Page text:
Want paw-some pet content & 15% off your next order? HECK YES.

Want paw-some pet content & 15% off your next order? HECK YES.

Environmentally Disposing of Cat Litter

Environmentally Disposing of Cat Litter

You’ve done the right thing by keeping your kitty indoors, where they will be safe from road traffic accidents, snake bite, cat fights and other mishaps, as well as protecting our precious wildlife. 

You’ve also litter trained your kitten like a boss, but now what? 

Share

Facebook Twitter Reddit WhatsApp Email

It’s just a fact of life - our beloved cats need to go to the toilet. This raises the important question of how best to dispose of the waste in the most environmentally friendly way possible.

Flushing the cat waste down the toilet never a good idea. Besides the temporary clogs, this practice can prove extremely harmful to the environment and contaminate existing water in the lines. 

You can dispose of your cat litter in a number of sustainable, environmentally friendly ways - that’s exactly what we’ll be talking about in this article.

Choosing An Eco-Friendly Cat Litter

There are many different kitty litter options available, but which are the most environmentally friendly?

A couple of options to avoid at all costs include those clay litters often marketed as clumping litters. Made from bentonite clay, the mining process used to collect this clay destroys the natural environment and on top of that it cannot be composted. So, although these clumping litters may seem like an appealing option, they are one of the worst options for the environment. 

Another popular choice of litter that is not environmentally friendly is silica or crystal cat litter. This is another litter where the components need to be mined, in addition the process to make the litter is very energy intensive. A final downside to crystal litters is that they are not biodegradable, so they won’t break down in landfill and they cannot be composted. 

Now that we know what to avoid, let’s talk about more environmentally friendly litter options. 

Recycled Paper Cat Litter

Made from recycled paper, this kitty litter is reasonably inexpensive, is compostable, biodegradable and doesn’t produce much dust. It should be changed frequently as it does not control odours. Bear in mind that whatever litter you chose, frequent cleaning is essential to maintain fresh smells and a happy kitty. 

Shop Recycled Paper Cat Litter Here

Plant Litter

There are a variety of natural products being used to create kitty litter including grass seed, wheat, corn, and coconut litter options.

These options are compostable and biodegradable and have varying levels of dust production and odour control. Grass seed litter is also said to have some clumping attributes.

Some cats (and humans) may be allergic to these plants however, so bear that in mind when trying out these litter options. 

Wood Litter

Renewable pine litter can be a great option in terms of its impact on the environment as it is biodegradable, compostable and when it comes from plantation pine has a renewable source. It also comes in a variety of textures including pellets which are low dust, crumbles, which are soft underfoot, and wood shavings.

Pine also has a natural pleasant smell. 

Disposing of Kitty litter

With the perfect eco-friendly litter chosen, the question remains, what to do with the waste once it’s ready to be disposed of?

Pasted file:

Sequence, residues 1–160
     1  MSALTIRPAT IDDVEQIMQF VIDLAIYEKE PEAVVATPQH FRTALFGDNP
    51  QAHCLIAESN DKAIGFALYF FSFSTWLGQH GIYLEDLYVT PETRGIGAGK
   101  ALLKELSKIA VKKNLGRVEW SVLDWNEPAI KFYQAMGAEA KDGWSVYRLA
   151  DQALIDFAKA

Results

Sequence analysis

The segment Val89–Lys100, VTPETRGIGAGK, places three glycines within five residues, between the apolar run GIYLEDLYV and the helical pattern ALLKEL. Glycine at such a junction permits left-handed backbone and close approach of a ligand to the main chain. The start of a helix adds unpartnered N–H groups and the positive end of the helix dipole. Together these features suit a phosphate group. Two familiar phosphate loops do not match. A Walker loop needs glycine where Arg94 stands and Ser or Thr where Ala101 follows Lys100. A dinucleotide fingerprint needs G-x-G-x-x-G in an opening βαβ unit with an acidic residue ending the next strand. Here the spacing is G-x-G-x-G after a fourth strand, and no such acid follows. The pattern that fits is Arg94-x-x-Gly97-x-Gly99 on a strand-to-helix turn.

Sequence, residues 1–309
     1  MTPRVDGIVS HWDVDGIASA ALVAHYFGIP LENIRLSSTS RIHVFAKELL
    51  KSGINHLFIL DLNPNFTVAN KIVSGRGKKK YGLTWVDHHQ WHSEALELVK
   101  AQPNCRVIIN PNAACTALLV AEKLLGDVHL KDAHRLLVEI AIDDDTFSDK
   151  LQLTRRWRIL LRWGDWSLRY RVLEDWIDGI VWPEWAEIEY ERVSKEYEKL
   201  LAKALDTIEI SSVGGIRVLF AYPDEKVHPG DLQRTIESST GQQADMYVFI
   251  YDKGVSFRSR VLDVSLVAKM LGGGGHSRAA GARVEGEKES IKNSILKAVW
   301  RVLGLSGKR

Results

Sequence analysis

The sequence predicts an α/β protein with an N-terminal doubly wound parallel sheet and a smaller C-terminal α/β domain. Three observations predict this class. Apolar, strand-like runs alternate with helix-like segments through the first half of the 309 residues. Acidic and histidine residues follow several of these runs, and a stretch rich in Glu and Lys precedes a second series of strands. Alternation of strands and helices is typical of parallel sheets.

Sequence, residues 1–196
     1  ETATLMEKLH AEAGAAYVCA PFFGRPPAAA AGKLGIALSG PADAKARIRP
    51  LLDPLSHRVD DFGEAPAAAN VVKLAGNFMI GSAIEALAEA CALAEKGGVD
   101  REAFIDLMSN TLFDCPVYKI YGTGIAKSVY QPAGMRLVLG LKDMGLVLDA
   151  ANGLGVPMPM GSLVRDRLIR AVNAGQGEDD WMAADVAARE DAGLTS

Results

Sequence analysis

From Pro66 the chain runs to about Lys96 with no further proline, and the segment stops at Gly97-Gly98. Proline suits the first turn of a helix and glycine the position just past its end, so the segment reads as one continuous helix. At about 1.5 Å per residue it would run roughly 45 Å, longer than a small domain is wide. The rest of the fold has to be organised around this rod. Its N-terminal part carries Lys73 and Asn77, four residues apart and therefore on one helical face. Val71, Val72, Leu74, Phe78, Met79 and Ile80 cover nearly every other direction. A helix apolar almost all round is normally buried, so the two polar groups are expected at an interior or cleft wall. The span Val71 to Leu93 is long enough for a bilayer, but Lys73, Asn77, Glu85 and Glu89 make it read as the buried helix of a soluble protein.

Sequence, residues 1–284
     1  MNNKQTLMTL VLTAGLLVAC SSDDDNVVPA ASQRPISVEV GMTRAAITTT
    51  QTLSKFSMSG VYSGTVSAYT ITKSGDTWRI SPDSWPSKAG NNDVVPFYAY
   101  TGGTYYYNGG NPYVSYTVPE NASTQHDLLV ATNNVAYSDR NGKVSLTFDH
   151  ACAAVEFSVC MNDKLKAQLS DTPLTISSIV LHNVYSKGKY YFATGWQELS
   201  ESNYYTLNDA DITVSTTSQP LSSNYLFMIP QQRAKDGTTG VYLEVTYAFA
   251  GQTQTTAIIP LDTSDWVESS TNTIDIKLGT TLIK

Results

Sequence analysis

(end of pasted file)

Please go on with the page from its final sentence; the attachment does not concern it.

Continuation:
A word of warning - flushing kitty litter down the toilet is never a good idea, even if the product says it is “flushable”, your plumber will certainly tell you otherwise when they are unclogging your toilet!  

Composting

If you have the space to compost your kitty litter, this is the most environmentally friendly option available. There are specific pet waste composting systems available that can be buried in the ground and let microbes and other organisms in the soil feast on the waste. You can also use regular compost bins however bear in mind that the compost must be hot (over 63oC) and composted for a significant amount of time to destroy harmful organisms that may be in pet litter.

Even still, it is a good idea to use composted pet waste on ornamental gardens rather than edible gardens to be on the safe side. Your flowers will love it! 

Landfill 

Not everyone is lucky enough to have garden space to compost pet litter, so if your pet litter must go into the garbage, make sure you use biodegradable bags with your biodegradable litter, so it can still break down. 

No kitty litter alternatives

Wait, what? We’ve said it before, and will say it again, cats are really smart people, and it can be possible to train your kitty to use your toilet. There are systems to help train your cat how to use the toilet. That way the waste goes to the sewage treatment plant along with yours, and there is not any need to buy kitty litter or have litter trays throughout your home. 

We love our kitties and we also love our planet. As responsible pet parents, it’s up to do the best that we can to dispose of our pets’ waste in the greenest way possible.  While pet parenthood comes with a carbon footprint, there are things we can all do to help reduce our impact on the environment and take care of our feline friends in the best way possible.

For tips on how to litter train your kitten, check out our article here.  

Big Papa is a real chill kinda cat. He spends his days people watching from the window, batting a few dust particles with his paw and getting some all-important z’s. Big Papa knows what’s up in life and is living his best 9 lives. 

He has two humans: Mike and Tony. He wishes they fed him more. He’s a seven meals a day kinda feline.